Defender plans to quit Daniels murder case in Fayette County
A Pittsburgh attorney told a Fayette County judge on Monday that his law partner and wife likely will withdraw as counsel for one of two Connellsville men accused of homicide.
Husband and wife attorneys William and Lea Bickerton of Bickerton and Bickerton represent Robert Leroy Daniels Jr., 43, and Daniels' son, Robert Leroy Daniels III, 18.
The men are accused of homicide in the June 2011 stabbing death of David Gida. Gida died of stab wounds in the neck in his Connellsville apartment. A gold necklace, a silver ring and other items were missing.
William Bickerton represents the father. Lea Bickerton represents the son.
In motions filed in July, Assistant District Attorney Anthony Iannamorelli had sought to have the attorneys disqualified because of a conflict of interest. Having attorneys from the same law firm represent clients with different interests is a conflict, he argued, because it could limit their representation of their clients.
William Bickerton, during a hearing in the case on Monday, said Lea Bickerton likely will withdraw once Wagner issues rulings in pretrial motions. Those motions seek to bar as trial evidence both men's statements to police and physical evidence gathered in the investigation.
Should Lea Bickerton withdraw as Daniels III's attorney, she will request that Wagner appoint an attorney to represent him, William Bickerton said. Lea Bickerton did not attend Monday's hearing because it did not involve her client, he said.
The hearing on Monday was a continuance of an earlier hearing on the pretrial motions seeking to bar the evidence.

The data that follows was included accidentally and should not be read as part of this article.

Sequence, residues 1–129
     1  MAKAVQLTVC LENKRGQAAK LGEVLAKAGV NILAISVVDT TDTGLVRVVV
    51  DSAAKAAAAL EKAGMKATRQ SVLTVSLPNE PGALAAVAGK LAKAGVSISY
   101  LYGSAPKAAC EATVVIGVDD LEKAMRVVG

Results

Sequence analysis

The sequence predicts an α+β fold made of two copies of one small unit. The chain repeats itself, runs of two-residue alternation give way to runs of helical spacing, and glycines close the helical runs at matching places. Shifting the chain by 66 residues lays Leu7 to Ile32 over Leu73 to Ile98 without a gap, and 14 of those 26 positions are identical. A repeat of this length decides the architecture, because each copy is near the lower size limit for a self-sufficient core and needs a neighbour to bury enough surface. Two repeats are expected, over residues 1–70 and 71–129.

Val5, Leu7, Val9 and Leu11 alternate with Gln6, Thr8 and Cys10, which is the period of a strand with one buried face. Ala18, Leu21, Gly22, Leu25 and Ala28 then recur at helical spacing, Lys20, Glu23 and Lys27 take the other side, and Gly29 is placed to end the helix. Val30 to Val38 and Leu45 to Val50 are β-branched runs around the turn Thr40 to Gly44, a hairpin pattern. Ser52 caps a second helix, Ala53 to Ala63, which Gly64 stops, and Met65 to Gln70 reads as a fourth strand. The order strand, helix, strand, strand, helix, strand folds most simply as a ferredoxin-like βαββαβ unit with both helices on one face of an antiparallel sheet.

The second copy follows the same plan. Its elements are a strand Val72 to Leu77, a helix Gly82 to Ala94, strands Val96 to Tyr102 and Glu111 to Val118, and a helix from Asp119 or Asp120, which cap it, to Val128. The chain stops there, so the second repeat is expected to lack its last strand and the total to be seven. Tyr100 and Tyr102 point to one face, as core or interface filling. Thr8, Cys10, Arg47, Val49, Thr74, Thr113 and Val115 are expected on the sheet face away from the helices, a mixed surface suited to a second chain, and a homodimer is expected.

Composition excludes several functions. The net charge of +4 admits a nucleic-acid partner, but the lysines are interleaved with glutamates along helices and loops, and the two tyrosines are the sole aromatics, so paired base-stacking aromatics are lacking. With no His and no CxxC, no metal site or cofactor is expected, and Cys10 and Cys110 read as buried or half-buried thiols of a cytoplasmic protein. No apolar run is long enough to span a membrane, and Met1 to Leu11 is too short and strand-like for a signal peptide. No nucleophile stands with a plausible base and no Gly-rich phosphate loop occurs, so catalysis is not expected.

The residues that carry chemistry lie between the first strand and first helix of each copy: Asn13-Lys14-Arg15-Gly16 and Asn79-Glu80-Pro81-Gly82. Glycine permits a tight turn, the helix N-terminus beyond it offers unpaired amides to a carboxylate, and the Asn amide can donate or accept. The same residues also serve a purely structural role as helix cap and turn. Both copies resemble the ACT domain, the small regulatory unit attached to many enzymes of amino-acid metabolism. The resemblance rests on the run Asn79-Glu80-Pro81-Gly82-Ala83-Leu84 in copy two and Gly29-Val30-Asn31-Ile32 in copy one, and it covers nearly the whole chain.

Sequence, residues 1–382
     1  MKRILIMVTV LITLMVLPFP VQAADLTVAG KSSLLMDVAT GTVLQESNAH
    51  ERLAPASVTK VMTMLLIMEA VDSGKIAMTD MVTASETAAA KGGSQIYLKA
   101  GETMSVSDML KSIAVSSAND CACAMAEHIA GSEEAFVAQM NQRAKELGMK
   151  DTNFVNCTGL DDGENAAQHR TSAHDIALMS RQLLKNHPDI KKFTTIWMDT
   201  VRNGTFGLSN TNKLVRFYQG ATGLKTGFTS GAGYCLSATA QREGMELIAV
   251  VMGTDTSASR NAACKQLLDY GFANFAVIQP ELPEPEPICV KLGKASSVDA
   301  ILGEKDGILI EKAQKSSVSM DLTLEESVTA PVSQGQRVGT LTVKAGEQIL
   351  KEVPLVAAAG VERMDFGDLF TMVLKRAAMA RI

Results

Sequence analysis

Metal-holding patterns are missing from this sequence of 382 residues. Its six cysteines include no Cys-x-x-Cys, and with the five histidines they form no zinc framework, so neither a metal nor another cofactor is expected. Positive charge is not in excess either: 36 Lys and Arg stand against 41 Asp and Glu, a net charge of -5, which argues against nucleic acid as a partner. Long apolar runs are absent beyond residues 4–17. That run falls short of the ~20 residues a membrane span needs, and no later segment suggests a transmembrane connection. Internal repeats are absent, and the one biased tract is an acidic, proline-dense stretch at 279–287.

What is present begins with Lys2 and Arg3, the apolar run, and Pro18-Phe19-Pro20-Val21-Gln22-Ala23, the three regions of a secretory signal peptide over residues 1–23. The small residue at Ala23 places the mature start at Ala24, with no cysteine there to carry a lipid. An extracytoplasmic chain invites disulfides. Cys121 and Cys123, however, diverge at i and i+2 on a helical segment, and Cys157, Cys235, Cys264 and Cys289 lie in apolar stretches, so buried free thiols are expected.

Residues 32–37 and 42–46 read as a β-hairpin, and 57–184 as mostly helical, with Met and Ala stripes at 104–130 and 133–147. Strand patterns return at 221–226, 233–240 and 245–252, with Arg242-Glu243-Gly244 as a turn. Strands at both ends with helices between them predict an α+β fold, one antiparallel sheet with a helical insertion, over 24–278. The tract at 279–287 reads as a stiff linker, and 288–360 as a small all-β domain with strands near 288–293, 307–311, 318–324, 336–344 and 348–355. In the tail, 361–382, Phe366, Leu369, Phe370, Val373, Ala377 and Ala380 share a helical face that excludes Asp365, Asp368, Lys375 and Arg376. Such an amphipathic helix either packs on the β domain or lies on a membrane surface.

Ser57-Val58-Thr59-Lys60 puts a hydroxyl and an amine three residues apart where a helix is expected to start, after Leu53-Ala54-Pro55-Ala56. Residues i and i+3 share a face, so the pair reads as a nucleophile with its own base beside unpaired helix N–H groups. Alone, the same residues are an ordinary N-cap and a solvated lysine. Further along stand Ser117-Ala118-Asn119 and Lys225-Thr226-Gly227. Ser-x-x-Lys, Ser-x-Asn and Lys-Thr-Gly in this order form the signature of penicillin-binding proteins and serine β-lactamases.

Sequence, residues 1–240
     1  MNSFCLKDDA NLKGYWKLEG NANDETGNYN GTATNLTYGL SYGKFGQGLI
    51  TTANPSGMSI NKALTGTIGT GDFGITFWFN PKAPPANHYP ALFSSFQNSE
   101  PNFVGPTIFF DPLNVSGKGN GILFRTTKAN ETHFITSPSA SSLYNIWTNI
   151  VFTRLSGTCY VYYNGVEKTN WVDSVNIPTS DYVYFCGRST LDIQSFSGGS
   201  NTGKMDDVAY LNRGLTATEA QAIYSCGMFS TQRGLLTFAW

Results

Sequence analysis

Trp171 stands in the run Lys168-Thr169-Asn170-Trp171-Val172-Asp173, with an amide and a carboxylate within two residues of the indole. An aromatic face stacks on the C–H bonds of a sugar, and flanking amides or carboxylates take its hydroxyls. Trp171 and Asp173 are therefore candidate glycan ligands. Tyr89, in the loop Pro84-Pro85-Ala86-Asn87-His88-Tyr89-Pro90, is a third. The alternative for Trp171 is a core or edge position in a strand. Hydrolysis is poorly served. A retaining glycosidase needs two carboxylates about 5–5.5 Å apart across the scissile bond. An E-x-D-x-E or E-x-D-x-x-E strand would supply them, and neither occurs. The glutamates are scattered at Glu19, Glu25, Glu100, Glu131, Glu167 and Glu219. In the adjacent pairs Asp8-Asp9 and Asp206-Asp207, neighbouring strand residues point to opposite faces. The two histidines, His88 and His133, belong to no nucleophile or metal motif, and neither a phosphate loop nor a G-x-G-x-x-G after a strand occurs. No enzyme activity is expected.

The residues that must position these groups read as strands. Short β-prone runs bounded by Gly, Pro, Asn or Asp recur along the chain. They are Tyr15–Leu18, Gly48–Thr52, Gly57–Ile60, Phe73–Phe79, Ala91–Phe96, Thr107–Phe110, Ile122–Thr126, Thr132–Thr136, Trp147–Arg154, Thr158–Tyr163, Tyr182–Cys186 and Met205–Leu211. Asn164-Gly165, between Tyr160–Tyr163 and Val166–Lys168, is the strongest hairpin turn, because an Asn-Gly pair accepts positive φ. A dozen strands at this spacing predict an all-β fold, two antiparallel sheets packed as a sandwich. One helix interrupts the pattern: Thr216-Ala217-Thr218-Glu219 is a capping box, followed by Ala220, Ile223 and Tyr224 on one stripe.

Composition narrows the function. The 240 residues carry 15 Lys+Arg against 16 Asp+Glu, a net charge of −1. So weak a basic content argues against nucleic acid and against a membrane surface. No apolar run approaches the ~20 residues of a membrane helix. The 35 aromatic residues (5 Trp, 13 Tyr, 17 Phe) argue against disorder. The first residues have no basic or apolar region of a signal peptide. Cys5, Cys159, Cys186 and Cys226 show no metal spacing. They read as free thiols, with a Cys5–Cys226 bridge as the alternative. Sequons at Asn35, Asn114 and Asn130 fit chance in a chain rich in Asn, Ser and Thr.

During the hearing, Connellsville Police Sgt. Ryan Reese testified that Daniels Jr. initially requested an attorney when he was brought from Highlands Hospital to the police station and taken to a room where state police Trooper John Marshall was waiting.
“When he seen Trooper Marshall, he said, ‘(expletive) you, Marshall, I want an attorney,' ” Reese testified.
Advised that Marshall was there only to inform him that his son had implicated him in the murder and that both were to be charged with homicide, Daniels Jr. told the officers that only he was responsible for the stabbing, Reese testified.
“Mr. Daniels said, ‘My son had nothing to do with it. I killed him,' ” Reese testified.
Reese testified he and Marshall left the room briefly and when they returned, he repeatedly asked Daniels Jr. if he wanted an attorney. Daniels Jr. declined legal representation, Reese testified, and signed forms waiving his rights before he gave a written statement.
On cross-examination, Reese could not recall if he was made aware before, or after, the interview that Daniels Jr. had been brought to the police station immediately after he was discharged from Highland's psychiatric unit.
Jim McElhaney, a retired state trooper, testified Daniels Jr. signed rights waivers when he administered a polygraph exam to him on Aug. 12, 2011. McElhaney did not reveal the results of the exam.
Wagner did not rule on the motions to exclude the evidence, pending the submission of additional, written arguments from attorneys for both sides.
Daniels Jr. and Daniels III are in the Fayette County Prison without bond.
Liz Zemba is a staff writer for Trib Total Media. She can be reached at 412-601-2166 or firstname.lastname@example.org.
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